Sunday, October 12, 2014

Islamic State on the attack on multiple fronts

The Islamic State jihadist radicals are on the attack across Iraq and in Syria.  The one area mentioned today in most news reports was the siege of Kobani, the strategically located Syrian town on the Turkish border that is populated by Kurds.  Most of the town's 150,000 residents have fled, and the town seems lost despite U.S. airstrikes to support the local Kurdish fighters.  Other areas of intense activity are Sinjar in the north with the Kurdish pesh murga attacking IS positions, Anbar province where some apparently functioning parts of the Iraqi army are battling IS for control of Fallujah and Ramadi, and, what was not mentioned in the New York Times or elsewhere today, the IS advance on Baghdad, which is most interesting here.

While it should be impossible for IS to overwhelm the substantial Iraqi positions in and around Baghdad, they could wreak havoc in the area.  They are apparently in control of the infamous town of Abu Gharib, not too many miles from Baghdad's major airport.  One could surmise that the new Prime Minister Hashir al -Abadi did not envision his capital being under potential attack so soon after he succeeded the completely divisive al-Maliki.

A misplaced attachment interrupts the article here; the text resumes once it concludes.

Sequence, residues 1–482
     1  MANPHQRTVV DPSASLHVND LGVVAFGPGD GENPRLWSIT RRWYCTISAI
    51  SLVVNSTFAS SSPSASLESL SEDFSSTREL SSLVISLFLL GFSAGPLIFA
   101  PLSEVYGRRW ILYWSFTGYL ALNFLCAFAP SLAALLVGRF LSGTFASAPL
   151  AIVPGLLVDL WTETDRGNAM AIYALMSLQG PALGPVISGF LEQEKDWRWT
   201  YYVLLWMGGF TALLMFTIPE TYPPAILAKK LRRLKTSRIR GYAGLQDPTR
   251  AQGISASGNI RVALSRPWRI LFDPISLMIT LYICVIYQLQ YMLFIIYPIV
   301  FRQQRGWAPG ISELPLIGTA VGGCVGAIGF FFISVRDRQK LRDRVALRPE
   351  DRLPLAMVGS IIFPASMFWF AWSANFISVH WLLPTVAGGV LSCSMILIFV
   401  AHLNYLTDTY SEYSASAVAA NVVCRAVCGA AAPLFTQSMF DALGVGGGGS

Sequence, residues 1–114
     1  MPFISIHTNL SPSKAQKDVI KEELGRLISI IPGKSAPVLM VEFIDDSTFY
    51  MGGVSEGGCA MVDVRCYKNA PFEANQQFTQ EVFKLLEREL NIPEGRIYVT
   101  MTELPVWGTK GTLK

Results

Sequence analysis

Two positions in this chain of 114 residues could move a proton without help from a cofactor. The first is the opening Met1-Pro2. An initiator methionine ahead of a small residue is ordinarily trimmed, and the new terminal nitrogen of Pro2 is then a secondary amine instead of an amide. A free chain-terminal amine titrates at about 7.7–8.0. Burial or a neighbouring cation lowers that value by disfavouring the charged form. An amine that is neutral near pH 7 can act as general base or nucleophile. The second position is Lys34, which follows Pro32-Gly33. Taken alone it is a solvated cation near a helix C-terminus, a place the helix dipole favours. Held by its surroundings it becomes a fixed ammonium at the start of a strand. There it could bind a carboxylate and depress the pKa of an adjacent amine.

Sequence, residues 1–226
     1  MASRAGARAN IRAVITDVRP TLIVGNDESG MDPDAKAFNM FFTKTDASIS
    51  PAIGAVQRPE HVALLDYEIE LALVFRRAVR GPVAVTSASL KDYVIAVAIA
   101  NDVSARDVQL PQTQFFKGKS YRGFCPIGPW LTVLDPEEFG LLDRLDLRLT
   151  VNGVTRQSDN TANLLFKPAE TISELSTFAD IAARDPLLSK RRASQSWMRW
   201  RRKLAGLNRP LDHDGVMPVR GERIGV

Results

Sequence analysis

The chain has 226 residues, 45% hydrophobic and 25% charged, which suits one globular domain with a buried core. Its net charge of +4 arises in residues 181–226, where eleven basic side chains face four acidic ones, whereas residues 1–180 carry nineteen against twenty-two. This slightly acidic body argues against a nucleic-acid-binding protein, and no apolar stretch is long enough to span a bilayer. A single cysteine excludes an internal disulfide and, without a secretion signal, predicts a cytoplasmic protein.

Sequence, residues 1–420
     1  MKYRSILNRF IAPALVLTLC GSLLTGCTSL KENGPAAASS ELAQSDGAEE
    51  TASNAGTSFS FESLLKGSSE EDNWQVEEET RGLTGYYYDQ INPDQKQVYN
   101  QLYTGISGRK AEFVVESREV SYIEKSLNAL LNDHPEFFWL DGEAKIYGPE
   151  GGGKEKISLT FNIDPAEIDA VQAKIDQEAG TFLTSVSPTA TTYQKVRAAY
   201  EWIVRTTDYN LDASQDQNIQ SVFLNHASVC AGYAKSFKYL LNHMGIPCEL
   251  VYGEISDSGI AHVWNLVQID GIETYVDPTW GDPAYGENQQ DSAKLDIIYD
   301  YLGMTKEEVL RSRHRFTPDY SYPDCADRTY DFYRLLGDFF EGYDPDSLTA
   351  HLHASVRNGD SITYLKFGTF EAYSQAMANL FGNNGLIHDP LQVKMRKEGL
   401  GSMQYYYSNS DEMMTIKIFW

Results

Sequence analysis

What makes all of this possible is the immense amount of weapons that IS captured from the panicked and fleeing Iraqi army.  These are of course state of the art weapons and machinery left by the U.S. for the Iraqis to use as they established a unified state.  IS has captured all of the weapons of four divisions of the Iraqi army.  There are 12 divisions in all, but since some are located in more placid areas of country, one can reach the broad conclusion that IS captured one third to more likely one half of all weapons of the supposed 200,000 strong Iraqi army.

These include shoulder held anti-aircraft missiles, tanks, helicopters, fighter planes, rocket launchers, and multiple types of military vehicles.  In one commentary it was said that IS now has as many as 15000 armored and weaponized Hummers that cost $220,000 each and 100's of mobile rocket launchers that cost approximately $500,000 each. Some of these are being used around Kobani now.  With these kinds of weapons, the best available, and the apparent zealotry of the IS fighters, the battles being fought must by definition be tough ones.

It is unclear whether Obama has finally relented and given the Kurdish pesh murga comparable weapons, or he is still partially holding back for fear of fracturing his "dream" of a unified Iraq forever.  For now, one can wonder whether the IS potential to make inroads into Baghdad will be underestimated, with the powers there assuming that U.S. soldiers will come to their rescue if necessary. It is unlikely that Obama has the flexibility to do that, thank goodness.

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